The Death of Meaning and Mystery in Overplayed Music
On another part of this site, Joanna Colangelo posits a poetic appreciation of the quintet of 1960s-70s Canadian and American musicians known as The Band – Levon Helm, Richard Manuel, Rick Danko, Robbie Robertson, and Garth Hudson – and how they successfully iconized aspects of America’s long gone agrarian past — or seemed to.
Like Ms. Colangelo, there is not one song in the quintet’s impressive body of work that I do not find profoundly moving or even instructive, on one hand, or just sublimely good pop music on the other. However, I also believe Ms. Colangelo and I differ where it comes to the repetition of song and its ability to continue to elicit in us affective and thematic meanings after the song has been heard by the same listener for literally thousands of times, in a variety of audio and filmic contexts.
Ms. Colangelo writes:
Unlike traditional American songs, however, where there is often a vague understanding of where and when the song originated, or how it has changed over time, the origin of “The Weight” isn’t nearly as mythic and mysterious as what it has come to represent….
This mythic lens into America led to a catalog of songs which have become musical precursors to the Americana movement today: “The Night They Drove Old Dixie Down,” “Across the Great Divide,” “Up on Cripple Creek,” “The Shape I’m In” and, of course, “The Weight.” I’ve found myself wondering lately, out of all of these songs – and many others – why has “The Weight” emerged as the iconic American standard?
I, too, am a fan of “The Weight,” – though not nearly as much as when it was new. I also wish the song – like its brethren “Hey, Jude,” “Light My Fire,” and “Blowin’ in The Wind” — wasn’t subject to being churned into cliché the way we Americans do when we come upon something nice THAT WE LIKE. We fuck it up with overuse and misuse in the hopes of conveying that we might actually be hip and/or have an original idea.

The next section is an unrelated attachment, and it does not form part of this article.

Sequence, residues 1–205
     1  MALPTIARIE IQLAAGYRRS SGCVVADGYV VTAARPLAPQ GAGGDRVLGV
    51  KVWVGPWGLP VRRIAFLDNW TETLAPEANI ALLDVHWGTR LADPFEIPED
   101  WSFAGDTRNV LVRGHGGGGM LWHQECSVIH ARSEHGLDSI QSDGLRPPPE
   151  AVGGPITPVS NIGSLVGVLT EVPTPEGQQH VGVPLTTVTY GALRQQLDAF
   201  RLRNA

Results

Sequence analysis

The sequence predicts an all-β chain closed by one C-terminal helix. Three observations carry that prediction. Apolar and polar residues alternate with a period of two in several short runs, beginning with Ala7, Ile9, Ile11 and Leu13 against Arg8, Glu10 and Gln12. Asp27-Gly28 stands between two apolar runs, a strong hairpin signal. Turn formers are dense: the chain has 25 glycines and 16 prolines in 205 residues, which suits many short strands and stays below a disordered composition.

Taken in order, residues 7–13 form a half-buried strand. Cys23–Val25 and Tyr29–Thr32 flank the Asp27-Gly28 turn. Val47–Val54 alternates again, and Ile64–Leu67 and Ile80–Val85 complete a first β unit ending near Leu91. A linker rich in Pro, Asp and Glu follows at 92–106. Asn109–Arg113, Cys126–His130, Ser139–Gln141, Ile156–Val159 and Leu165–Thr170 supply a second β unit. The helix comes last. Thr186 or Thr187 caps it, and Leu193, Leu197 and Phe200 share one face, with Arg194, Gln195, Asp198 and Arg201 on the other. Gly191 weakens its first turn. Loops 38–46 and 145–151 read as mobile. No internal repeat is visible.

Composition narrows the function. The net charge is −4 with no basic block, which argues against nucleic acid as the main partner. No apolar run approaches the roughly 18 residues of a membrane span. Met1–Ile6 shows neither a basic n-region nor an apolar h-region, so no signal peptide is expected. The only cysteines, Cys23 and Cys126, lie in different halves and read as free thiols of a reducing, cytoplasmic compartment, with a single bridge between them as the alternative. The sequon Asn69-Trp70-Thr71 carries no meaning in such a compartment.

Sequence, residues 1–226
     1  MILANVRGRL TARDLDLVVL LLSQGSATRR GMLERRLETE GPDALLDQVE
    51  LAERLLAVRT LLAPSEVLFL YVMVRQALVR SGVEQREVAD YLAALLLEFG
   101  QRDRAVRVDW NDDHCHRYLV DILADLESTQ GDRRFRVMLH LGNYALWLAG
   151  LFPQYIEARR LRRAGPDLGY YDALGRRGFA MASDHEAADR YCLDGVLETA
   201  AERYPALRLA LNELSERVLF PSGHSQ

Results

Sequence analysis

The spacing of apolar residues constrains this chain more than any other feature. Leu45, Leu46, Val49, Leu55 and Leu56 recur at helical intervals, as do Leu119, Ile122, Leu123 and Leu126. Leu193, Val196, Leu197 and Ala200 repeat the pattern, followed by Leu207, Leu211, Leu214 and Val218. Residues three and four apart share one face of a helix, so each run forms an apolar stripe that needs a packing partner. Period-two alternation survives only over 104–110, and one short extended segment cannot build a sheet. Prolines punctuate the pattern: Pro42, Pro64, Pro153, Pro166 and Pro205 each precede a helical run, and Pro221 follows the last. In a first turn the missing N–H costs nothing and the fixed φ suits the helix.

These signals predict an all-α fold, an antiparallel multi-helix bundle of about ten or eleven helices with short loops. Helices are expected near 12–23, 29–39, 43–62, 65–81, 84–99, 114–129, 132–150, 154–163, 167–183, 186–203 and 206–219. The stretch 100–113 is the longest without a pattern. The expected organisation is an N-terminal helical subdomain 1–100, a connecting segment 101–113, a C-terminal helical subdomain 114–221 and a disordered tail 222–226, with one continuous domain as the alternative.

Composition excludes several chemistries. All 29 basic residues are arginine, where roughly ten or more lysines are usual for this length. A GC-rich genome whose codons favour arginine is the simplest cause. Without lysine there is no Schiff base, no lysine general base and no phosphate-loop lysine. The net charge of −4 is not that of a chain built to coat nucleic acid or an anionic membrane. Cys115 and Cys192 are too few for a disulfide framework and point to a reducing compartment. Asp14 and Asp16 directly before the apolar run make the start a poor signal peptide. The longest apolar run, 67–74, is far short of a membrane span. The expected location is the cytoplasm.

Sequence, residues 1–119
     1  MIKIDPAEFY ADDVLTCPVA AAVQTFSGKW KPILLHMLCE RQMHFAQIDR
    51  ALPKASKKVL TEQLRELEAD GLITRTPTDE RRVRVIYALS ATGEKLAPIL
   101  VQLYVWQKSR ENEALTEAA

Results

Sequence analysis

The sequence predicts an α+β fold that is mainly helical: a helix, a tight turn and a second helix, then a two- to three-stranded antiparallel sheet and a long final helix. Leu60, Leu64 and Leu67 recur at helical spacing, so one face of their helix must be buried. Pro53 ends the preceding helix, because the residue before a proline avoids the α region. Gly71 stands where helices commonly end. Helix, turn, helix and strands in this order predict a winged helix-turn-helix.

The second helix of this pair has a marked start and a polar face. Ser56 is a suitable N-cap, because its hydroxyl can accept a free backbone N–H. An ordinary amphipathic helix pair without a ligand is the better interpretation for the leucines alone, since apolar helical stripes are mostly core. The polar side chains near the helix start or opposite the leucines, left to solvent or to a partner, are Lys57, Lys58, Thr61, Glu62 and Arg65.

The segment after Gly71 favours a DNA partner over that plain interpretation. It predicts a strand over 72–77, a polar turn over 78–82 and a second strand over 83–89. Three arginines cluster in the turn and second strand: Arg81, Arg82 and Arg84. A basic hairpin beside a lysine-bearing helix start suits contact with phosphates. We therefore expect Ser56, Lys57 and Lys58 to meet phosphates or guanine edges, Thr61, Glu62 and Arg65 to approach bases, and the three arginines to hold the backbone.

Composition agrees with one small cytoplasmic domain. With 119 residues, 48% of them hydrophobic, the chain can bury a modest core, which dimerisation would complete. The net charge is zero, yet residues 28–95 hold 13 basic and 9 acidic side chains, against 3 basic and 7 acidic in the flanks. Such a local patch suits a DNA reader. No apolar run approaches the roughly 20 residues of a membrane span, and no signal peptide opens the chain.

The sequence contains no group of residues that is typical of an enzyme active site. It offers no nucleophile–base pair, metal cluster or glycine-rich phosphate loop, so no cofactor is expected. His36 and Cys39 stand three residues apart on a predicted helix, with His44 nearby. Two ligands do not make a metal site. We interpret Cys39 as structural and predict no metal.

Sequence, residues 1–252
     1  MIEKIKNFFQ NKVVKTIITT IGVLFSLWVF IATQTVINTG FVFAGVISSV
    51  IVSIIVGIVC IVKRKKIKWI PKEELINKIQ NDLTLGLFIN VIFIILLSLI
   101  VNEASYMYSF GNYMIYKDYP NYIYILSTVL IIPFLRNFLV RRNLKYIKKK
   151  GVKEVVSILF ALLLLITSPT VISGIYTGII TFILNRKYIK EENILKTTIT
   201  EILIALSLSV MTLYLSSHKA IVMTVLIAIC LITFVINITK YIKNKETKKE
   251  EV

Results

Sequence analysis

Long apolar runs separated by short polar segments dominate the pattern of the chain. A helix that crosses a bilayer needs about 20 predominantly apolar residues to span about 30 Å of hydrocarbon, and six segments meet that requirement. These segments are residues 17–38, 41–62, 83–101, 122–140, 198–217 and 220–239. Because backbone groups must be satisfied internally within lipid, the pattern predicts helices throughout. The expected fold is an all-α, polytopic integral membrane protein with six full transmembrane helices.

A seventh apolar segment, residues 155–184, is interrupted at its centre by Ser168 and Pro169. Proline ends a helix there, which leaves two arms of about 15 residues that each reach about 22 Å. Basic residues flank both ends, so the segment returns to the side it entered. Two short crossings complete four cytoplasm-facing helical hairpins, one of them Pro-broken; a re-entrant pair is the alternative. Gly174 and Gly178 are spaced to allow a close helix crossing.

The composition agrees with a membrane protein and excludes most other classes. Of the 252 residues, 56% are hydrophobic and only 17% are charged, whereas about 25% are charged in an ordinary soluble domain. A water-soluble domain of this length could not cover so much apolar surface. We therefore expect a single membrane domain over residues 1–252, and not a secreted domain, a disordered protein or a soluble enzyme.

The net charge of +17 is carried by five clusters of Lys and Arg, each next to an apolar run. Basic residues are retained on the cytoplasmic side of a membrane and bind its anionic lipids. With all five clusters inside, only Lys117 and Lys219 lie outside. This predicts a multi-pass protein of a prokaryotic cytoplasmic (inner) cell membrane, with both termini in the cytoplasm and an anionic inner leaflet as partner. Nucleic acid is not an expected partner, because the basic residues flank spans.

Let’s face it, though: “The Weight,” with its myriad FM and AM-radio playing back when it was new, plus its use as soundtrack in all the places Ms. Colangelo mentions (and more), for nearly 50 years, has rendered it all but unlistenable for any vestige of content or surprise.
Stripped from it is original emotive context the moment it was first broadcast or purchased for personal listening, the song (like many others) continues to devolve into a hollow icon that represents “that old Sixties creativity,” without any longer being able – like an old man without teeth – to bite into consciousness. It is now, sadly, almost a cliché.
Which leads us to those fortunate enough to have been able to purchase artists’ catalogues and sell the rights for strictly venal ends (Michael Jackson and his benighted sale of rights to the Beatles’ work for commercial advertising, for example.) Then there are those who are biting off their own feet by selling rights to their own music (Dylan, Kinks) against the interests of their own posterity. (Does GAP really foster “revolution” by using “Revolution #9” in its ads? Will Stella McCartney’s great-grandkids think so? Does Stella?)
I was hoping when I started the article written by Ms. Colangelo that she would be alluding to “Chest Fever,” “King Harvest,” or “Across The Great Divide” — surely more darkly Gothic and “American” songs than “The Weight,” especially if one accounts for overuse and resultant change/diminution in meaning of the latter, and the relatively pristinely emotive condition of the former. I would have included “Dixie” but have to omit it from the “Americana” roster for similar reasons of overplay and overuse.
After all, a newfound music exploration into “Gothic Americana” is what intrigued us about the band’s first outing on Big Pink, and later on The Band. Their songs were newly synthesized celebrations of America in its shifts from agrarian to industrial economies from the mid to the late 1800s. Was it rock? Not quite, but sorta. Did it roll? You betcha!
More important, I think the media outlets she alludes to have done to that song what advertisers have “accomplished” with Edward Hopper’s once resonant “American Scene” painting of the urban diner at night. Overuse has killed any resonance that picture could possibly hold for me ever again — it’s become hackneyed through commercialization and overuse on everything from telephone directory covers to mouse pads!
I believe almost any other tune by the Band has been far less abused by the mindless search for a cheap hook than either “Weight” or “Dixie.” The result is that the other, less-played tunes have kept their emotional and intellectual resonance — as much intellect as a four-minute song possesses! — whereas the more overdriven vehicles like “The Weight” and “The Night They Drove Old Dixie Down.”
“Subterranean Homesick Blues,” anyone?